DA to review Rice Tariffication law as Phl ranks as world’s biggest rice importer
Maris Federez • November 12, 2019 • 1189
MANILA, Philippines – A United States agency report reveals that the Philippines has become the world’s biggest importer of rice, just months after the rice tariffication bill was enacted.
The US Department of Agriculture – Foreign Agricultural Service report also projected that the Philippines will have imported a total of 3-million metric tons of rice before the year ends.
This is 58% higher compared to the 1.9-million metric tons of rice that the country imported in 2018.
The Philippine reportedly outranked China – the biggest rice importer– which is expected to import 2.5 metric tons of rice.
The Department of Agriculture record, however, said that this early, the Philippines has already imported 2.99 million metric tons from January to October.
DA spokesperson Noel Reyes added that 1.8 million metric tons of the total amount of rice that the country has imported were placed after the enactment of the rice tariffication bill in March.
“We cannot restrict. Kasi kung ire-restrict mo ‘yan, we are going against the law, unless the law says, we can only import so much,” Reyes said.
The DA admitted that there may have been an over-importation of rice in the country.
Because of this, DA Secretary William Dar and Senate Committee on Agriculture and Food Chairperson Cynthia Villar are planning to review the said law.
“That’s the feeling of the department because of the complaints of farmers and farmers groups,” Reyes said.
“That’s the wish of the secretary and Senator Villar after a year, they have to review the RTL (Rice Tariffication Law) and probably put in some more provisions so as not to over-exceed our rice requirements,” he added.
Several farmer groups share the same sentiment.
The Federation of Free Farmers (FFF) said the government must raise the rice importation tariff and focus on increasing the presence of local rice in the market.
“Kapag dumating na ‘yung panahon na naubos na ‘yung sobra, pwede naman nilang tanggalin ‘yung additional tariff na ‘yun para magpasok ulit ng imported. Ganun sana ang laro nila,” said Raul Montemayor, FFF National Manager.
“Parang gusto nating mamatay ‘yung magsasaka, na wala tayong nilagay na control sa import, pasok lang ng pasok ‘yung importation, pabagsak ng pabagsak ang palay, at parang napakahina ‘yung response ng gobyerno,” he added.
The Kilusang Magbubukid ng Pilipinas (KMP), on the other hand, believes that the Rice Tariffication Law must be scrapped.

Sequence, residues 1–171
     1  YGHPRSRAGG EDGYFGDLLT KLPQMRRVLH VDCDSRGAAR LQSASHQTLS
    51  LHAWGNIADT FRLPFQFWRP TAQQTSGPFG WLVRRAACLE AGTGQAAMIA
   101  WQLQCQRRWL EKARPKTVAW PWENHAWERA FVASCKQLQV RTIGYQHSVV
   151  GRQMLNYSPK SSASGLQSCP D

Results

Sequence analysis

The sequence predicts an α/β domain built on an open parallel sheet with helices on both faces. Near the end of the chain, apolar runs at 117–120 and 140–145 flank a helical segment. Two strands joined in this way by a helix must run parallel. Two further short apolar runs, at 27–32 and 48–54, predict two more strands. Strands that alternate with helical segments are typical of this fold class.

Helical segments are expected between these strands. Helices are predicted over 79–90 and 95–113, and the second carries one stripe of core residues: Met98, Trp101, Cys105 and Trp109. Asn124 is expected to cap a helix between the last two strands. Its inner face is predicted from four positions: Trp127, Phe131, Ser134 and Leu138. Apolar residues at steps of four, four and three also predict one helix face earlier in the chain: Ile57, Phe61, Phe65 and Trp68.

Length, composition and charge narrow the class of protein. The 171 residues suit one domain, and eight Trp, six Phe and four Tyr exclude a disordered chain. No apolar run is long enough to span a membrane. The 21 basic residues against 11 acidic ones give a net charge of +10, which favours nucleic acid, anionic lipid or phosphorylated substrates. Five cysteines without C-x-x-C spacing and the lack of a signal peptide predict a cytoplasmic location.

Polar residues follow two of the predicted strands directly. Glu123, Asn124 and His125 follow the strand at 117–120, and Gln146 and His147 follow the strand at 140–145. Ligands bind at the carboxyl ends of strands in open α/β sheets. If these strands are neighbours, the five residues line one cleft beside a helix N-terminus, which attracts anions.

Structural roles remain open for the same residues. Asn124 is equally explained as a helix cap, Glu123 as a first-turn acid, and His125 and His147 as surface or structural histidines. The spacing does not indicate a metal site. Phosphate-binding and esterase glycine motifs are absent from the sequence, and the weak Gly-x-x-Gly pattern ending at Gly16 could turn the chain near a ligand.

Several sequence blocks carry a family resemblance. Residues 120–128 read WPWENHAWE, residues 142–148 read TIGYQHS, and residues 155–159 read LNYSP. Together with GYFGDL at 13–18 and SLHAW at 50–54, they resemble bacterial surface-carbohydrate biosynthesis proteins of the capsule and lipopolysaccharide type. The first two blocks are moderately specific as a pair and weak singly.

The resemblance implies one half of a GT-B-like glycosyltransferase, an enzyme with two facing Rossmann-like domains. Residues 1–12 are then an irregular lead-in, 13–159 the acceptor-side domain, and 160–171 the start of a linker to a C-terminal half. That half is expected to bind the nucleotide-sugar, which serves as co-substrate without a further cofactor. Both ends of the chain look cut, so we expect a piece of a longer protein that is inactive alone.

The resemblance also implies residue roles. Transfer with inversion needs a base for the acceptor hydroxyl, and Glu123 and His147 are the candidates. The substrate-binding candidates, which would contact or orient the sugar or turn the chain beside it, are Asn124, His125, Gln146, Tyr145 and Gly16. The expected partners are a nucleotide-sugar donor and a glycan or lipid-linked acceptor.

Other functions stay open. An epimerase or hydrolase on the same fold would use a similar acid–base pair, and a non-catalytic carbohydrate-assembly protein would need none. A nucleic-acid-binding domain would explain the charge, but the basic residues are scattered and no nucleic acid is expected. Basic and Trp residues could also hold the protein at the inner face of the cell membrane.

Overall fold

The group said the latest record of the Philippine Statistics Authority (PSA) shows that the farm gate price of palay (grains) is now at P15 per kilo.
The KMP, however, said there are still several areas in the country where farmers sell their produce at P10 per kilo.
“Hindi na rin po namimili ang National Food Authority kasi po sa ilalim po ng Rice Tarrification and Liberalization Law, hindi na po sila mamimili ng palay sa magsasaka kaya po lalo pong binabarat ng mga malalaking traders at cartels,” said KMP chairperson Danilo Ramos.
In a statement, Bantay Bigas group spokesperson Cathy Estavillo said that they have been giving warning that the rice tariffication law will gravely affect the local farmers.
“As we have decried repeatedly, RA 11203 will turn Filipinos into beggars of imported rice. We all have witnessed this law causing bankruptcy to rice farmers, and this will lead to displacement and ultimately declined productivity,” Estavillo said.
To date, the price of a regular milled local rice is somewhere between P35 and P38 per kilo in several marketplaces in Quezon City.
The DA, on the other hand, is confident that the price of rice will continue to go down to P30 per kilo.
The agency also sees a downward trend in rice importation by next year as the local production improves. (from the report of Harlene Delgado) /mbmf
MANILA, Philippines — Umabot na sa 2 bilyong piso ang halaga ng mga apektadong agricultural product sa bansa matapos masira ang ilang taniman sa Northern Luzon dulot ng pananalasa ng Bagyong Maring.
Ayon sa Deparment of Agriculture (DA), nasa 42,000 magsasaka ang naapektuhan ang kabuhayan.
Dahil dito, inaasahang mababawasan na rin ang supply ng mga gulay sa National Capital Region (NCR), gayundin ang pagtaas ng presyo ng mga produktong agrikultura.
“Nakita natin ang paggalaw ng gulay dahil ito nga rin ay epekto nung nasalantang mga produce natin. Definitely, ‘pag nabawasan ang yield dahil natamaan ng bagyo ay tataas ang price points ng ating mga gulay dahil yung logististical cost ganun pa rin po and yet mas konti na ang nadadala sa merkado,” ani DA Asec. Kristine Evangelista
Gayunpaman, nakikipag-ugnayan na ang DA sa iba pang rehiyon para sa alternatibong suplay ng gulay sa Metro Manila.
“Basically we are augmenting from different regions po to make sure na hindi masyadong magalaw ang presyo ng gulay para na rin po sa ating mga consumers dito,” dagdag ni Evangelista.
Siniguro naman ng DA na patuloy ang pagbabantay sa suply ng agricultural products sa bansa upang hindi maabuso ang pagtaas ng presyo nito.